Figure 5
figure 5

Tide variations recorded at TS-HKMSDD without any intermittency or measurement drift (A). A photograph of TS-HKMSDD MSM designed for collecting vertical muons is also shown (B). HKMT holds the copyright of the photograph.

Figures 6 and 7 show close and vertical cross-sectional views of some representative UUSs indicated in Fig. 4. As can be seen in this figure, other islands are located along the muon trajectories. These islands may degrade the quality of tide monitoring and thus this effect will be later discussed.

Figure 6
figure 6

Enlarged map near the region of (1) in Fig. 4. The red shaded rectangle indicates a commercial building having a basement floor located 10 m below the ground surface. The label Mu indicates the location of the HKMSDD-MSM. The inset shows the cross-sectional view along the Mu-B line as an example of the vertical cross-sectional configuration of the measurement. The elevation scale is magnified by 50 times compared to the horizontal scale. HKMT drew this map with Microsoft PowerPoint software and holds the copyright.

Figure 7
figure 7

Enlarged map near the region of (2) in Fig. 4. The red shaded rectangle indicates a commercial building having a basement floor located 10 m below the ground surface. The label Mu indicates the location of the HKMSDD-MSM. The inset shows the cross-sectional view along the Mu-B line as an example of the vertical cross-sectional configuration of the measurement. The elevation scale is magnified by 50 times compared to the horizontal scale. HKMT drew this map with Microsoft PowerPoint software and holds the copyright.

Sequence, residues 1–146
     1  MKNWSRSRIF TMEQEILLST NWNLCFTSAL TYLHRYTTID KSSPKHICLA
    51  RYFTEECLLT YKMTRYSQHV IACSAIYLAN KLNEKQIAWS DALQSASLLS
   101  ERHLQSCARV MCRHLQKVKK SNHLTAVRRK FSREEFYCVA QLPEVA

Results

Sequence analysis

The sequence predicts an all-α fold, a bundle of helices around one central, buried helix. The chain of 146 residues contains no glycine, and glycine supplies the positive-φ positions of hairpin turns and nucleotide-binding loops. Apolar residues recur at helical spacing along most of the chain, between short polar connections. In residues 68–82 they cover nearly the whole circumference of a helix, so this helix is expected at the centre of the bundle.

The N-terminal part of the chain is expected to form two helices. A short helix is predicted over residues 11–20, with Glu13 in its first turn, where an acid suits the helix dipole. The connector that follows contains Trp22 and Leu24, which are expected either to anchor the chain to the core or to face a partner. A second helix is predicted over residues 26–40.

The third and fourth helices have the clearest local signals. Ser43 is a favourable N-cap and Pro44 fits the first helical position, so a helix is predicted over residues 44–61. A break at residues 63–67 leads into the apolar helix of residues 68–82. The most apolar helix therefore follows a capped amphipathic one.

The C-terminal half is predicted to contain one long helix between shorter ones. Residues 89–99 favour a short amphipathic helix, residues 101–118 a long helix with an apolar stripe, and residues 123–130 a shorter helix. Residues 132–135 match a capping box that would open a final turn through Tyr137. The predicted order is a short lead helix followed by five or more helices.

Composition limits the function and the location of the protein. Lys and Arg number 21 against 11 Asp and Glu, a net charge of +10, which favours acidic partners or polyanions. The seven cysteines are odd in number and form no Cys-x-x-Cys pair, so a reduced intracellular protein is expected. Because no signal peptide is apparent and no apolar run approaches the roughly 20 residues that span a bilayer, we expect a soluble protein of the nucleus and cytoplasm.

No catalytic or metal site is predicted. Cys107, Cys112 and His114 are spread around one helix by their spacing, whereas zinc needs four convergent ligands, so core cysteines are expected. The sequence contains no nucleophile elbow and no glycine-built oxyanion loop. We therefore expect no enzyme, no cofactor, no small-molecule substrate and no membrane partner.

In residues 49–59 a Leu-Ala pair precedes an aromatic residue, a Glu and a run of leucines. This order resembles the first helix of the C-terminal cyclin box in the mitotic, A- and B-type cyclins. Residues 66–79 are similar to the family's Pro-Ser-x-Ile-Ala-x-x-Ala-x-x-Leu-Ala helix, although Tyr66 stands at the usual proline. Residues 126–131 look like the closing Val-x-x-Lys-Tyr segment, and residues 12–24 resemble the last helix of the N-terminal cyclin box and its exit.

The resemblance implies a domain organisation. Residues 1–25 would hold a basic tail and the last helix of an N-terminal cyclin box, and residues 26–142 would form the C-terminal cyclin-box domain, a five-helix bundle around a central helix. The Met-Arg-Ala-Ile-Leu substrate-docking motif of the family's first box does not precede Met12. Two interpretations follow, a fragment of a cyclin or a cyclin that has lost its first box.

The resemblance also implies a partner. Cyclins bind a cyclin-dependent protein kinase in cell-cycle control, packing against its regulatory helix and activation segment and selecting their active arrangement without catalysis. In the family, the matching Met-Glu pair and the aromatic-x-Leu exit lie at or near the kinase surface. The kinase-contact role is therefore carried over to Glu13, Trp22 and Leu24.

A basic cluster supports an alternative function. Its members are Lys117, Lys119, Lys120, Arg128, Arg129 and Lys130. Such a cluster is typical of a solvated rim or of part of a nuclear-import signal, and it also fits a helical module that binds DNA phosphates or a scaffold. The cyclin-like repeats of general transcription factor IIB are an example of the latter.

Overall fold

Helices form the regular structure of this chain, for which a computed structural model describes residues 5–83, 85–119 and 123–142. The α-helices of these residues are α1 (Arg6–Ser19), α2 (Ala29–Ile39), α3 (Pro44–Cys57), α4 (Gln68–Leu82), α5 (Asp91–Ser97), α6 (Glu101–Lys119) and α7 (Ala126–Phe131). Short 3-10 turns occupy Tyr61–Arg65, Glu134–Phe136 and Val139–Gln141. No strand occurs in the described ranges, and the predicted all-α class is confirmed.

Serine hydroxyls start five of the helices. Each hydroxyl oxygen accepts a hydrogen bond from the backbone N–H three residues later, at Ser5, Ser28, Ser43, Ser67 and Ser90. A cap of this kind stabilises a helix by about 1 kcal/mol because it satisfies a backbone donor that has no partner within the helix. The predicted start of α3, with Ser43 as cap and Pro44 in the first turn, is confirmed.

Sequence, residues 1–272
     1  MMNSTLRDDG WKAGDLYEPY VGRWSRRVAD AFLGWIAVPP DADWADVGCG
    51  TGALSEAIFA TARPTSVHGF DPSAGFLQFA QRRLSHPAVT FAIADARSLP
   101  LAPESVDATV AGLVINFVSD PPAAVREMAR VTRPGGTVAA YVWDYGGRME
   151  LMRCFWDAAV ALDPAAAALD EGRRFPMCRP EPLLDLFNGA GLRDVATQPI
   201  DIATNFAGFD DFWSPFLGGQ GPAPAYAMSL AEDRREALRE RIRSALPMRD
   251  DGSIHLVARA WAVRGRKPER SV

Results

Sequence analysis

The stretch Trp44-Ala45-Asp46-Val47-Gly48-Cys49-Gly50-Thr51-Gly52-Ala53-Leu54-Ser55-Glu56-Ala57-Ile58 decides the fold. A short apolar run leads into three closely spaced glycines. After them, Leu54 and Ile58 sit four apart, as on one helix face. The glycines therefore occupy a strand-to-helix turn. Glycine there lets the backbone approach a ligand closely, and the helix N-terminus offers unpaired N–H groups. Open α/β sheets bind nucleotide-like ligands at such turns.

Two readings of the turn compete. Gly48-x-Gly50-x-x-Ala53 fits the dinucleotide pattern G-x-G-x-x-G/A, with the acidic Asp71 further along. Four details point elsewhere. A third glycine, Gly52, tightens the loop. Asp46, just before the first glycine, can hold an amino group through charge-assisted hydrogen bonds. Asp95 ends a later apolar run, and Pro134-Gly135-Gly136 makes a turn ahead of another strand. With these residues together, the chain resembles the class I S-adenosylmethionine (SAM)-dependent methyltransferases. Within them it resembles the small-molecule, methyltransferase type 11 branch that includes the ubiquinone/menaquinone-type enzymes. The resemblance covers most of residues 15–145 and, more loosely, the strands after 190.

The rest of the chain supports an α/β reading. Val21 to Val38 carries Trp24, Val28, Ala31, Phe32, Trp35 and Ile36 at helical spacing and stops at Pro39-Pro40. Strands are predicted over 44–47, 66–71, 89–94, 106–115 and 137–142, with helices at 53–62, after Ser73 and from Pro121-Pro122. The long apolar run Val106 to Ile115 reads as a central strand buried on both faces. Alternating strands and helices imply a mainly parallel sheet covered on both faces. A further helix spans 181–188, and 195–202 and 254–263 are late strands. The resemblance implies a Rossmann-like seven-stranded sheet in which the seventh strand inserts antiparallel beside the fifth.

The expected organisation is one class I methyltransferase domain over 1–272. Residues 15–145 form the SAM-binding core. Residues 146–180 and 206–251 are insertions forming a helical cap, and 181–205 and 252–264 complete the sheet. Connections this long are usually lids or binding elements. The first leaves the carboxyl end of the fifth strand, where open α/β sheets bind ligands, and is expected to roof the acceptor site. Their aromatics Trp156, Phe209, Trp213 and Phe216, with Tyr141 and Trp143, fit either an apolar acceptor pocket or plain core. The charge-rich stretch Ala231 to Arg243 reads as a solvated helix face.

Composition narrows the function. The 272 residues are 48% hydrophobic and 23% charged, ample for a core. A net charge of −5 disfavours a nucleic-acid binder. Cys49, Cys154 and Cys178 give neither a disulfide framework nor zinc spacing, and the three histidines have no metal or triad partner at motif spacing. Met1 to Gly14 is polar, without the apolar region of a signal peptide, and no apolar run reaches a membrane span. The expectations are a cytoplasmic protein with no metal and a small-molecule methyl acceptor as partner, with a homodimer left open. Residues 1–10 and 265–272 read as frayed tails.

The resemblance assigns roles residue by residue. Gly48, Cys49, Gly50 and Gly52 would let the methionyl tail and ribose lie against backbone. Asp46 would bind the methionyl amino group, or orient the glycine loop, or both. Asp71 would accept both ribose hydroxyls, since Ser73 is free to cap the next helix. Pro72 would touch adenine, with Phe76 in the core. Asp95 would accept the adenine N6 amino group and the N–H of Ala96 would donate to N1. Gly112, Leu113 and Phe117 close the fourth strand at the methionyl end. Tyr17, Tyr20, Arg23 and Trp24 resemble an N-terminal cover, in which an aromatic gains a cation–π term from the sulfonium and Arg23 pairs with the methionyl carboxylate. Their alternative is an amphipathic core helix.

Figure 8A shows the proposed HKMSDD-MSM muograph design for the tide monitoring network. HKMSDD-MSM consists of two sets of scintillation detectors that consist of plastic scintillators and photodetectors. The length and the scintillators is 8 m. There are a couple of options for photodetectors: photomultiplier tubes (PMT) or Silicon Photomultipliers (SiPM). In the former case, the PMTs are attached to the scintillators via acrylic light guides. In the latter case, scintillation light is transported to SiPM via wave length shift (WLS) fibers. Since the Eljen's scintillators (EJ-208) and the Kuraray's WLS fibers (Y-11(200)) both have a long attenuation length of 4 m55 and 3.5 m56, respectively, one photodetector is sufficient for readout of each scintillator strip. Coincidence signals verified to be the same angle between these two detectors are recorded as muon signals. The current HKMSDD-MSM has a wide angular acceptance for the azimuthal angle (Fig. 8B) and a narrow angular acceptance for the elevation angle (Fig. 8C). As shown in Fig. 8A, the scintillator strips are placed so that the HKMSDD-MSM does not receive the muons arriving from the direction opposite to the sea. However, some scattered upward-going muons could generate fake tracks. As shown in Fig. 8C, HKMSDD-MSM does not have an acceptance for the angular region beyond ± w/x. This design helps to avoid recording muons that didn't pass through seawater, which would eventually degrade the sensitivity to ∆h. As was suggested in the reference15, a 2-cm thick lead plate is inserted between these detectors to remove background radiation that could emit from the concrete wall of the UUS.